though it had proved necessary to change the tyres, the saddle was a truly unexpected source of comfort and still sits proudly atop that black seatpost. having covered several hundred kilometres on the crux, i'd be more than happy to cover several hundred more with this saddle under my padded shorts. the bar tape also proved to be more than up to the occasional battering at the hands of loose boulders near ballygrant. i was also more than enamoured with the shape of the sram hydraulic levers, the extra height to contain the hydraulic pistons was a more than welcome alternative hand position.
i don't race at all, but i'm pretty sure that the specialized crux e5 x1 would prove every bit as competitive as anything else in its price bracket, one that offers quite excellent value for money. however, if you opt to acquire one of these for your bike shed, be sure to budget a little extra for different tyres. as delivered, that's the crux's achilles heel and a somewhat disappointing one at this price. considering just how fabulous a bicycle hides behind such rubber, i really think specialized ought to look outside their own cupboard when speccing the crux's almost inevitable successor for 2017.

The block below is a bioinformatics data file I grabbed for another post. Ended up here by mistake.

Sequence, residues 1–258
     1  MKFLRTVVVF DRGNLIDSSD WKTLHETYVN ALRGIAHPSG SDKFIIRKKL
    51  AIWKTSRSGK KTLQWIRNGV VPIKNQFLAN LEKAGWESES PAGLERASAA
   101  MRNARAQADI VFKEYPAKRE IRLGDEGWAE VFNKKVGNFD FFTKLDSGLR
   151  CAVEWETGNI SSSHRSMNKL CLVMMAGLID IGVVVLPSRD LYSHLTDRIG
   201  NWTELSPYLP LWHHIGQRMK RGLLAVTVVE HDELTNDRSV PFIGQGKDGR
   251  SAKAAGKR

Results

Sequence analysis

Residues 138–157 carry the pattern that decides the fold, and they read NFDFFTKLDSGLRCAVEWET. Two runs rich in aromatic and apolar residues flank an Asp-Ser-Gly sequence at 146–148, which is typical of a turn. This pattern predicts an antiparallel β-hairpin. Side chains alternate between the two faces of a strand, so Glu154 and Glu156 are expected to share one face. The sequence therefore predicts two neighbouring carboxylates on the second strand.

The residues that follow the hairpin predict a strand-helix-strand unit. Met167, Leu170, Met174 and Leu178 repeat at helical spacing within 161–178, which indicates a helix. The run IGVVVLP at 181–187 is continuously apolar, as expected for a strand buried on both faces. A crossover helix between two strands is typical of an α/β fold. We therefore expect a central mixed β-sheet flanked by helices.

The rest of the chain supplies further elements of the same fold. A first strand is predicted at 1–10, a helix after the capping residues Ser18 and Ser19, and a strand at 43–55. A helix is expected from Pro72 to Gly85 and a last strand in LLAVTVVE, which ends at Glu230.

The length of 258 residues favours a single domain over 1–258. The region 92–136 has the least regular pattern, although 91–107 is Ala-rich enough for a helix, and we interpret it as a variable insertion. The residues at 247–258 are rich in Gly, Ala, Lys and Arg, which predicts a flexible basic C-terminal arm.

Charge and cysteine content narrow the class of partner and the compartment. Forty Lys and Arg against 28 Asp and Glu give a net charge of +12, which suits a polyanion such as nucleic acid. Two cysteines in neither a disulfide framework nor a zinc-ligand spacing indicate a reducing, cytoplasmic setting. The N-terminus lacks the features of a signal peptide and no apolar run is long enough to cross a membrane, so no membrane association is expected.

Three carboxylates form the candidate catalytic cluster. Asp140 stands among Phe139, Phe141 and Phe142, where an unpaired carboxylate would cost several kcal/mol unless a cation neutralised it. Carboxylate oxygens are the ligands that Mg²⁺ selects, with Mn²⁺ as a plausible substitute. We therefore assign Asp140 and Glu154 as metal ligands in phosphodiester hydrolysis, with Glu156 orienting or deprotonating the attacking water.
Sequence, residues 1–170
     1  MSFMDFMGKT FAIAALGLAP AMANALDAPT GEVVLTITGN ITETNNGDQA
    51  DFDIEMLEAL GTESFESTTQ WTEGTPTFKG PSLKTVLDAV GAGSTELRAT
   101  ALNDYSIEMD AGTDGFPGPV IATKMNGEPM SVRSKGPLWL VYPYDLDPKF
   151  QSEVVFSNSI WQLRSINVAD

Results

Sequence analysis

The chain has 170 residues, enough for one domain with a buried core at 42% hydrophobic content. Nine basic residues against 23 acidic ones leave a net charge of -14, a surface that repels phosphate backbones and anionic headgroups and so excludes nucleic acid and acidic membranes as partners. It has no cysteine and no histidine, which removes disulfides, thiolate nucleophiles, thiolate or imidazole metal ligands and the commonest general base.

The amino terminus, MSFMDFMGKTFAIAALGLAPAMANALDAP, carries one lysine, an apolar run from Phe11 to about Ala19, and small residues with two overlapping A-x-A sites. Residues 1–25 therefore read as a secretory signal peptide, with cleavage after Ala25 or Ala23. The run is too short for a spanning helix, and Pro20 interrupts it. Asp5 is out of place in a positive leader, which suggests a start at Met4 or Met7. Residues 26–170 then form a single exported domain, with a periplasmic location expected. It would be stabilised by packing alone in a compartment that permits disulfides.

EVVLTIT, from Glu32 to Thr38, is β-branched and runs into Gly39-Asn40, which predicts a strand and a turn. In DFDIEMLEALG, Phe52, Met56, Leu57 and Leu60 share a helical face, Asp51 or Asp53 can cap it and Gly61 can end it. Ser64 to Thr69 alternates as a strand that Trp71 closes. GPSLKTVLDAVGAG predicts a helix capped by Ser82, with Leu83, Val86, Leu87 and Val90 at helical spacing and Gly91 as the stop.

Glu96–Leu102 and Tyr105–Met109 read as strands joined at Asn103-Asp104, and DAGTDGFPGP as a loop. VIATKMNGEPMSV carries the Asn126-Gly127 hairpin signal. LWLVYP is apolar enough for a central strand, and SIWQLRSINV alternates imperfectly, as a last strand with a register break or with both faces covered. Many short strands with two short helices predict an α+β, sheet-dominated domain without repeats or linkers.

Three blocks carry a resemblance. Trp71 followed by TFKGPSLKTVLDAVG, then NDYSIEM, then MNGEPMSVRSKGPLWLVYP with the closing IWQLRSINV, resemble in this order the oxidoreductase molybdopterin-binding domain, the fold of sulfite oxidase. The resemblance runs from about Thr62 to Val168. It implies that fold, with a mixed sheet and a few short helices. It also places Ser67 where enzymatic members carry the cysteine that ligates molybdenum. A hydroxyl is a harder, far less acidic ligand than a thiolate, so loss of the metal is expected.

but please don't let that single factor put you off. the crux e5 is an excellent bike.
the specialized crux e5 x1 retails at £1,800 and is available in frame sizes 46, 49, 52, 54, 56 58 & 61cm. this model is only available in gloss silver (anodized aluminium) | specialized crux e5 x1
thursday 17 march 2016..........................................................................................................................................................................................................